The file sample.png contains a sample of the output of the program on a real project so you can see what the output looks like. Actually, there were so many components I ended up splitting it into two boards.

Compare it to sample_othertools.png that shows what you get after running gEDA gsch2pcb and pcb autoplace on the board. It looked even worse before the autoplace.

"xpcb" refers to the program foolishly renamed "pcb" located at This program was originally more sensibly named XPcb.

gschem refers to the schematic capture program produced by gEDA project.

This program does not attempt to autoplace components to minimize trace length based on the netlist connections. This is difficult and of dubious value. Most boards have components that need to be placed in specific locations, such as connectors, switches, LEDS, joysticks, potentiometers, LCD displays, keypads, and certain test points. And there are other components whose placement cannot be deduced by such a program: decoupling capacitors. The xpcb program has such a feature built in; when run it ties up your computer for an hour and you are still left with a bunch of components placed on top of each other. It might work better if you manually placed some components and then selectively use it on groups of components:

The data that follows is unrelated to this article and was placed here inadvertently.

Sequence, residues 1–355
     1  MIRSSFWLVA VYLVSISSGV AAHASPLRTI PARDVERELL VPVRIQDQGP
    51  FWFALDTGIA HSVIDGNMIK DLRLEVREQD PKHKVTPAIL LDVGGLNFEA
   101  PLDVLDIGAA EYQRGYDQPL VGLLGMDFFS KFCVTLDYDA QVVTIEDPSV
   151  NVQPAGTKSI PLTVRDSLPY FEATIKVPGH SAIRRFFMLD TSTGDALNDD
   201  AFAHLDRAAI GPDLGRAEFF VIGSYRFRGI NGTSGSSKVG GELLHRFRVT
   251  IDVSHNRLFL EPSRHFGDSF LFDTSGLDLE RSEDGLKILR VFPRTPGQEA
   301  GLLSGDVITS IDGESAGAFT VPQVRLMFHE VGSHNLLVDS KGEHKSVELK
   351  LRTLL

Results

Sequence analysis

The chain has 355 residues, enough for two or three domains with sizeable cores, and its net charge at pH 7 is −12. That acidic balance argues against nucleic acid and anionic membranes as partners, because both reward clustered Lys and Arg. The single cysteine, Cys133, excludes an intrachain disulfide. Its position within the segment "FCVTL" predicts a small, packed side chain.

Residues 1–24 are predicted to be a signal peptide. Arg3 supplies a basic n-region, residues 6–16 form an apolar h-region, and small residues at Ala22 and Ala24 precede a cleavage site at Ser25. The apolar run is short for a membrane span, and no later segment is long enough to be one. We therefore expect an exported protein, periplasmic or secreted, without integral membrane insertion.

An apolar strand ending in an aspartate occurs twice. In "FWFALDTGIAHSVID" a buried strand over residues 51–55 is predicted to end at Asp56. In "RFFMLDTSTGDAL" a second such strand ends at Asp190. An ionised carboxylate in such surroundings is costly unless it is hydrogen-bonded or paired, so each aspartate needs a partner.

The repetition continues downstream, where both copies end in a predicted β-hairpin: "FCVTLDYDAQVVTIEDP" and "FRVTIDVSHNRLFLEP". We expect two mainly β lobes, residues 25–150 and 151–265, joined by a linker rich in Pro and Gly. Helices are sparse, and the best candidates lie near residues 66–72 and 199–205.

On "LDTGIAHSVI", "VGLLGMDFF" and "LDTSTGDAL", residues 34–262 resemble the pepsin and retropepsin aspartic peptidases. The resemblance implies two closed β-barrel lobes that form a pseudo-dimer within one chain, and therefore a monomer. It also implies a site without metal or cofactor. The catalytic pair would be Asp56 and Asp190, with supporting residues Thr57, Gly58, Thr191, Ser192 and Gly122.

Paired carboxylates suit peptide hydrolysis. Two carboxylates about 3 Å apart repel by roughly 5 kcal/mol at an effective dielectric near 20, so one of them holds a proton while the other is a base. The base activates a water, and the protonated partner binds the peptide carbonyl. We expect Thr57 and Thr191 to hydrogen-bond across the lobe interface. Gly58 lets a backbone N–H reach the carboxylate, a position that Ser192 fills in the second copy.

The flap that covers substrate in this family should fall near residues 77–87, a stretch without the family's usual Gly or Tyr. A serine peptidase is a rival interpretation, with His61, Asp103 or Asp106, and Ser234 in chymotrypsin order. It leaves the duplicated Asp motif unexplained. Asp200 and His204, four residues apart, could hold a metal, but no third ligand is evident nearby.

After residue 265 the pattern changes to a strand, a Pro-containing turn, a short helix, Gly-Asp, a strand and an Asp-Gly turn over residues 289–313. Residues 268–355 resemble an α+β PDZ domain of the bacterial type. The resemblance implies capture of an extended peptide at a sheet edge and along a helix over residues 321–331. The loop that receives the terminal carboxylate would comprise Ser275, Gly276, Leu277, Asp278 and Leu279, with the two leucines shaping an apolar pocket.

• manually place all your connectors
  • let the program attempt to autoplace ICs only
  • manually rearrange ICs
  • manually place decoupling capacitors
  • let the program attempt autoplacement of remaining passive components.

Another trick you may want to try for manually placing components on the board is to temporarily delete VCC, GND, and similar nets from the netlist file. These nets generate ratsnest lines that are generally more of a hinderance than a help during rough placement.

Table 1. Feature comparison

LanguageCshell scriptC 
License: other GPL (bad)GPL (bad) 
obsolete M4 partsno***yesyes 
new Element filesyesnoyes 
multiple sheetsnonoyes 
Places parts:non-overlappingoverlappingoverlapping 
Outside margin:yesnono 
Updates existing boardnonoyes 
Imports netlistnonono 
ratsnest optimazationnonono 
User defined search pathyesnono** 
Handles element file extensionsyesnono 

* Use "cat" to combine multiple schematic files together first. The program won't be bothered by the extra file headers.

** gsch2pcb lets you specify a (single?) directory but you can't exclude existing GPL tainted library directories or change the search order (which starts with obsolete format library symbols first).